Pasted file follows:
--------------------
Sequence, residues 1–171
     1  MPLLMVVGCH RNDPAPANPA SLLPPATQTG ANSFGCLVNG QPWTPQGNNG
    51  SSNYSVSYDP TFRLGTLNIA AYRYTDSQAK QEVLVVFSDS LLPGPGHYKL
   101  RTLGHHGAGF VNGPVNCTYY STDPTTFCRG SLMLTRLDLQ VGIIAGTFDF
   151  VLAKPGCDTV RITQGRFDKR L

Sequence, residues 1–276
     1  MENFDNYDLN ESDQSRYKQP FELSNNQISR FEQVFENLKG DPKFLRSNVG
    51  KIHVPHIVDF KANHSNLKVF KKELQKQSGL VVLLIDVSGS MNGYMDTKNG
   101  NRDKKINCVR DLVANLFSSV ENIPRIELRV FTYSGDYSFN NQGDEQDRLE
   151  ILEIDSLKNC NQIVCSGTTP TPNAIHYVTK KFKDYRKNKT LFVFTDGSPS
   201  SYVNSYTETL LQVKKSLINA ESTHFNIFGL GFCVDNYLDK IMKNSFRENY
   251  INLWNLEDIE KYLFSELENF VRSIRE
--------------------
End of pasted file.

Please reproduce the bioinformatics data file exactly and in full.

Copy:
Sequence, residues 1–171
     1  MPLLMVVGCH RNDPAPANPA SLLPPATQTG ANSFGCLVNG QPWTPQGNNG
    51  SSNYSVSYDP TFRLGTLNIA AYRYTDSQAK QEVLVVFSDS LLPGPGHYKL
   101  RTLGHHGAGF VNGPVNCTYY STDPTTFCRG SLMLTRLDLQ VGIIAGTFDF
   151  VLAKPGCDTV RITQGRFDKR L

Sequence, residues 1–276
     1  MENFDNYDLN ESDQSRYKQP FELSNNQISR FEQVFENLKG DPKFLRSNVG
    51  KIHVPHIVDF KANHSNLKVF KKELQKQSGL VVLLIDVSGS MNGYMDTKNG
   101  NRDKKINCVR DLVANLFSSV ENIPRIELRV FTYSGDYSFN NQGDEQDRLE
   151  ILEIDSLKNC NQIVCSGTTP TPNAIHYVTK KFKDYRKNKT LFVFTDGSPS
   201  SYVNSYTETL LQVKKSLINA ESTHFNIFGL GFCVDNYLDK IMKNSFRENY
   251  INLWNLEDIE KYLFSELENF VRSIRE